Commissioner Peirce Remarks on the Challenges of Cryptocurrency Regulation
By Andrew Massey, C. Todd Gibson , Philip J. Morgan and Evan J. Glover
On May 2, 2018, Commissioner Hester Peirce shared her views regarding how cryptocurrencies fit within the regulatory landscape of the United States Securities and Exchange Commission (“SEC”). Click here for the full remarks.
Commissioner Peirce, recognizing that not all tokens are alike, acknowledged that the appropriate regulatory scheme for cryptocurrencies will be the product of a function over form analysis. Additionally, Peirce noted that the functionality of a token changes over time, requiring a more nuanced regulatory scheme to ensure market safety.
Peirce confirmed the well-documented stance of the SEC applying the test articulated in United States v. Howey (the “Howey Test”) to determine whether a token is a security. The central question under the Howey Test is whether the token is an investment in a common enterprise with the expectation of profits solely through the efforts of another. Although some initial coin offerings (“ICOs”), or at least aspects of some ICOs, satisfy the Howey Test, Peirce cautioned against applying a blanket designation for all ICOs. Each ICO must be analyzed through a fact and circumstances analysis that does not stop with the Howey Test, but continues as the token’s functionality evolves.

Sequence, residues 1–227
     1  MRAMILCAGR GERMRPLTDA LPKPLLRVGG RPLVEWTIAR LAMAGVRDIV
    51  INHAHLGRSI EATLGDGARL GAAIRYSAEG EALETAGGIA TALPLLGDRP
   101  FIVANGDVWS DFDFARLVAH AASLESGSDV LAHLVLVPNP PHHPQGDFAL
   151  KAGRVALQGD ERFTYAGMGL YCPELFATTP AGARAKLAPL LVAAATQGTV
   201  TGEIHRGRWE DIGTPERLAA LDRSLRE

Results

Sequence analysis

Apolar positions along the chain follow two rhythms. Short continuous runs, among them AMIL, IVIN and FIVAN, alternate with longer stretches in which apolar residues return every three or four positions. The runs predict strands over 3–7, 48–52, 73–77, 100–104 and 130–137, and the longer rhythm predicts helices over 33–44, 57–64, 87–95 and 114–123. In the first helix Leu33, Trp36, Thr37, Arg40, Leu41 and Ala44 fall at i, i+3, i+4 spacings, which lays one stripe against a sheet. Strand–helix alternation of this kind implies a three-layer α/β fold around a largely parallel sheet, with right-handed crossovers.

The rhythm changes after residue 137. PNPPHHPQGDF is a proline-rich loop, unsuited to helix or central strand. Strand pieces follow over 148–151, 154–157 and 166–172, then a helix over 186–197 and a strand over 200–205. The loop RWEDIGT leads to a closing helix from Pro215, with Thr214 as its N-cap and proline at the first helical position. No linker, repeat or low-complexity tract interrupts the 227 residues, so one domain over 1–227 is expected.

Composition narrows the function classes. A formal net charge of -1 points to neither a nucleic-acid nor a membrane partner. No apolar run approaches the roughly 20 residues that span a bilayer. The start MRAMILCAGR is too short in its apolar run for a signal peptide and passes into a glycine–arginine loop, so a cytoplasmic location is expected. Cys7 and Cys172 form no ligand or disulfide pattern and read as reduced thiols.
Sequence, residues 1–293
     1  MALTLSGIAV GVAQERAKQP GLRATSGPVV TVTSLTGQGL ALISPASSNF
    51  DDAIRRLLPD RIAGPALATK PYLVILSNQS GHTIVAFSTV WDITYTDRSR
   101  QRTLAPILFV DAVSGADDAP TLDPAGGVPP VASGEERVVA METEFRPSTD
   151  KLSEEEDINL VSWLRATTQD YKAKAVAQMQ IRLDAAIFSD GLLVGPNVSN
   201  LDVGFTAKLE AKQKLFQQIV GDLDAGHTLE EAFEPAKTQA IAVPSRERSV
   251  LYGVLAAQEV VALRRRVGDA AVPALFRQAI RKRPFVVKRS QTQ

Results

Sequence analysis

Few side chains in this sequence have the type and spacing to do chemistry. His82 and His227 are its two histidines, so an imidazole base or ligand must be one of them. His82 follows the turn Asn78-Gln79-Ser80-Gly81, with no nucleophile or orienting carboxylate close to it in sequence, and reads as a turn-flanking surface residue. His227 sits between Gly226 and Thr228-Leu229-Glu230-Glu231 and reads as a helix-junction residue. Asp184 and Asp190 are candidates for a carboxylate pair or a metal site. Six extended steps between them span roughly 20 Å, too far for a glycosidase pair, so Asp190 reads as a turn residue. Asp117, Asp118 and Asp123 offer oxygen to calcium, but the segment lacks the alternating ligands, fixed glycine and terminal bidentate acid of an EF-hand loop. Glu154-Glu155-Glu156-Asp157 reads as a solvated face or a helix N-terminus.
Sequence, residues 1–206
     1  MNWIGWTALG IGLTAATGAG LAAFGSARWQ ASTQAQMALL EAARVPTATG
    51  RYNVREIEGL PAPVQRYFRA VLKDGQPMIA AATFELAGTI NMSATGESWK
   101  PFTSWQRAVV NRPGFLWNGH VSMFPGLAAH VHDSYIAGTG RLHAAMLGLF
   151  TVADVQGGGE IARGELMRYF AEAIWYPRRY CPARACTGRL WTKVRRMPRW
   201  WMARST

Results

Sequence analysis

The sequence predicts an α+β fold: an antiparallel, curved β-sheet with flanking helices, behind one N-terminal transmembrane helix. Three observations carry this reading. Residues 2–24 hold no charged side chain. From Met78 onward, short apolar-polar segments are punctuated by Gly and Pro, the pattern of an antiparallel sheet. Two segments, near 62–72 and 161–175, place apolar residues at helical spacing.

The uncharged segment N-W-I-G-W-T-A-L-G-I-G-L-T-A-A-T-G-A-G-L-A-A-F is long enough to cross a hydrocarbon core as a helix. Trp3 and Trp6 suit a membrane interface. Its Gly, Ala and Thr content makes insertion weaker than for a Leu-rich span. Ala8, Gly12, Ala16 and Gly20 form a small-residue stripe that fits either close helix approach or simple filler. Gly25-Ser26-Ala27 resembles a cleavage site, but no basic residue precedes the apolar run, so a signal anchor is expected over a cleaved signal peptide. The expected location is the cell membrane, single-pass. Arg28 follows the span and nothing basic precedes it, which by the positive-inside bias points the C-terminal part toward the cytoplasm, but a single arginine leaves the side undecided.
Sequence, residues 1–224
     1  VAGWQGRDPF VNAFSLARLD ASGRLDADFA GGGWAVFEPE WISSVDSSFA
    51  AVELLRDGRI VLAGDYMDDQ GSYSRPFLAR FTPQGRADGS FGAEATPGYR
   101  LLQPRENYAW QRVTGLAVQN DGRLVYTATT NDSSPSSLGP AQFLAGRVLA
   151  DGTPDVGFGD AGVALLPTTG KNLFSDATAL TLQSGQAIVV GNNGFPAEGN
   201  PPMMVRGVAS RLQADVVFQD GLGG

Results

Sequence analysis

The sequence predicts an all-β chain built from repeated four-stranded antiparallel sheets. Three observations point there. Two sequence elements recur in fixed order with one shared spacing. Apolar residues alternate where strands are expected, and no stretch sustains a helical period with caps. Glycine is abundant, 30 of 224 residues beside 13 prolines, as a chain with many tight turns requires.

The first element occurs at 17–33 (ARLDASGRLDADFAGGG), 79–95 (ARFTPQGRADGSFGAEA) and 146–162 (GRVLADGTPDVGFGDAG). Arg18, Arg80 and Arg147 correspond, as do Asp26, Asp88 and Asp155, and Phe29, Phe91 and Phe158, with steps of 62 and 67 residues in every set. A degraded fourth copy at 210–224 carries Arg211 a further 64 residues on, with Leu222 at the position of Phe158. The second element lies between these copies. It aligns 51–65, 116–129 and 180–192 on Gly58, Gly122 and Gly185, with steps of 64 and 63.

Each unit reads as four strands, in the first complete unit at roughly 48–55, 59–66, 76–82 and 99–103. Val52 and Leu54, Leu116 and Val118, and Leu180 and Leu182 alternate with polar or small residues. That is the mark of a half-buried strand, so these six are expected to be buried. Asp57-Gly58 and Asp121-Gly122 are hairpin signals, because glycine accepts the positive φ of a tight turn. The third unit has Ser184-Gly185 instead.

To address the challenges in devising an appropriate regulatory structure, Peirce stated that the SEC must: (1) improve its understanding of tokens and distributed ledger technologies in order to properly apply the Howey Test; (2) not allow lack of familiarity with tokens and distributed ledger technologies to breed anxiety and bad regulation; and (3) not inappropriately insert itself into the creative process (limiting technological progress by attempting to fit new innovations into existing regulatory frameworks). While Peirce encourages an open interchange with the SEC to ensure better understanding and supervision; she believes government-sponsored “regulatory sandboxes” that allow businesses to develop and test innovative products have the potential to be examples of regulators inappropriately inserting themselves into the creative process.
While much is still to be seen on how the SEC will monitor cryptocurrencies, Peirce’s comments exude a positive and measured approach regarding the need for regulators to adapt traditional regulatory regimes to the non-traditional characteristics of cryptocurrencies.